Recommended NZ | Guide to Money | Gimme: Competitions - Giveaways

International drivers line up for Grand Prix glory

Fuseworks Media
Fuseworks Media

There is one question for race fans heading to Palmerston North this weekend: can the internationals stop Nick Cassidy’s determined drive to a second Toyota Racing Series title?

Cassidy, 18, had an uncertain start in the 2013 series after switching teams but from the first race of this year’s championship his run has been about consistency and persistence, making sure he finished every race and banked the most points possible.

Though he trailed the fast-starting international drivers at Teretonga and Timaru, he took the narrowest of leads at the series mid-point two weeks ago. Coming north from that round at Taupo he then extended his advantage at Hampton Downs, winning one race in the process.

More than ever before this year’s championship is populated by some of motor racing’s names of the future. With graduate Mitch Evans flying to Europe this week to start his GP2 season build-up and up to six of this weekend’s Grand Prix grid confirmed for European Formula Three, the Toyota Racing Series is fast making a name for itself as a place to race in January and February.

Austrian Lucas Auer shared the early series lead with Puerto Rico’s Félix Serrallés; British racer Alex Lynn recovered from a spectacular crash at the opening round to win at the following round and twice at Taupo; young Brazilian daredevil Pipo Derani won a race at the opening round and took up residence in the top five through subsequent rounds.

These four were among the first six drivers announced by teams contesting the European Formula 3 championship and they will be joined by 2012 TRS graduate Raffaele Marciello. Australian Spike Goddard is the most recent signing from the TRS grid to a seat in Euro F3 alongside TRS graduate Will Buller, with more announcements likely in the coming week.

With a maximum 225 points available across the three TRS races this weekend and a 32-point lead over Auer, Cassidy cannot yet count on winning his second title.

Lynn, Serrallés, Derani and Steijn Schothorst are all in with a chance and will be looking to maximise their points from each race this weekend.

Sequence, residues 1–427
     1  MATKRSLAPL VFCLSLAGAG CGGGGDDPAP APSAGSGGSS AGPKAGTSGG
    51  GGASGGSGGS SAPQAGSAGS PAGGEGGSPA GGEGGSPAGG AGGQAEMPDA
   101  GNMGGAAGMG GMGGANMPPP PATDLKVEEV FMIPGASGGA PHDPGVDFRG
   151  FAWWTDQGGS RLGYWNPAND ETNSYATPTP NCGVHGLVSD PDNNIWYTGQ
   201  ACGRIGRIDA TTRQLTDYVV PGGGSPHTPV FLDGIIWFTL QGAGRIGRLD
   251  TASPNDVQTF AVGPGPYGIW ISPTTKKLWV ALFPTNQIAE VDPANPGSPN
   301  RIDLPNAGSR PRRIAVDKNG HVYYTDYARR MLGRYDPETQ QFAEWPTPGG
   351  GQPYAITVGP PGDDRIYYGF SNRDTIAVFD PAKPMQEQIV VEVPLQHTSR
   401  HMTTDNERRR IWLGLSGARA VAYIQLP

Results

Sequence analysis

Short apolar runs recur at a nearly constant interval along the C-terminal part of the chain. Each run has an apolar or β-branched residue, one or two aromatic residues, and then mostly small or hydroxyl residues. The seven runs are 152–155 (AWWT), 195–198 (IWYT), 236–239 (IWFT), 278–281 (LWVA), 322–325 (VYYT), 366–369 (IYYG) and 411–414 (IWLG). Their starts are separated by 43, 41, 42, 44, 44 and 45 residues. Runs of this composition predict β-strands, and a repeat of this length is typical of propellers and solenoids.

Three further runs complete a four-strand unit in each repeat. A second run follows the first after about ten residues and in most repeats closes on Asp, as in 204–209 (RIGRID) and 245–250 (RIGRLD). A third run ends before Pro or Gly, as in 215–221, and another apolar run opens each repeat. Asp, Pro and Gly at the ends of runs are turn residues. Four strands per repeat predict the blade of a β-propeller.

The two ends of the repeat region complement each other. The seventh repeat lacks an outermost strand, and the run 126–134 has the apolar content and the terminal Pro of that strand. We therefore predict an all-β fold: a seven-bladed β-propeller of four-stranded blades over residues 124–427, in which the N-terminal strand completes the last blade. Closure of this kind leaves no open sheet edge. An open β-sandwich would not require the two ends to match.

New to this year’s series are Italian driver Ignazio D’Agosto, making a first foray into the series with a view to returning in 2014 and racing with Victory Motor Racing; and Pieter Schothorst, brother of young hotshoe Steijn, who will race with M2 Competition. Making a one-off appearance for the Grand Prix and aiming to make the most of a drive in the Giles Motorsport car vacated by Mitch Evans is Grand Prix veteran Kenny Smith. At 71 years of age, Kenny is the oldest competitor racing in any Grand Prix anywhere in the world. He is starting his 48th New Zealand Grand Prix and is the only driver to have contested all eight New Zealand Grand Prix races for the TRS cars.

With four intense weeks of competition behind them, the Toyota Racing Series drivers are race fit and ready to do battle. They have completed 12 races and have already driven more than 2000 kilometres at the wheel of their fast and agile race cars as the championship arrives at its defining moment.

Eleven drivers have won races so far in conditions that ranged from sleeting rain and high winds in free practice at Teretonga to 32 degree days at Taupo and Hampton Downs where track ambient air temperatures exceeded 65 degrees Celsius.

The latter round, held last weekend, re-introduced 2010 and 2011 champion and youngest ever Grand Prix winner Mitch Evans to the series for a flying farewell on his way to Europe to start his GP2 season.

Arriving with the 2012 GP3 championship already to his name, Evans won the first race at Hampton Downs and then battled wheel to wheel with Alex Lynn in the feature race for the NZ Motor Cup, one of the most prestigious trophies in New Zealand motor racing. With his name once again on the trophy, Evans is now on his way to Europe.

The intensity of competition in this year’s championship has surprised many, and can be seen in the fortunes of Southland driver Damon Leitch, who came into the season better prepared than ever.

Race-fit and with a winter of karting behind him, Leitch was looking to replicate his form from 2012, where he led the series after the southern rounds.

But with strong performances from internationals returning for a second shot at the title and race lap records smashed at the first two rounds, Leitch was battling for every point from the first race. He has posted a string of top five finishes, with his best being a second in race two at Timaru.

Damon Leitch arrives at the final round seventh, with five fast international drivers between him and countryman Cassidy.

Michael Scott of Te Puke has taken a wise and measured approach to his first season of TRS, working with his engineer at Victory Motor Racing to get to grips with the car in his rookie ‘wings-and-slicks’ season.

Scott is fourth in the rookie standings behind UK racer Jann Mardenborough, Norway’s Dennis Olsen and Malaysian driver Akash Nandy.

Trophies available this weekend are the Dan Higgins Trophy, New Zealand Grand Prix trophy and the Dorothy Smith Memorial cup which is awarded for the winner of the weekend across all three TRS races.

All of the young internationals racing this weekend will leave New Zealand immediately after TRS to race in the northern hemisphere season on career paths that may take them all the way to Formula One.

The young Kiwis will also set the next steps in their careers.

But first there is the task of trying to add the New Zealand Grand Prix title to their racing CV. Race fans are assured of a great weekend of top quality on-track action as the series finale plays out.

All articles and comments on have been submitted by our community of users. Please notify us if you believe an item on this site breaches our community guidelines.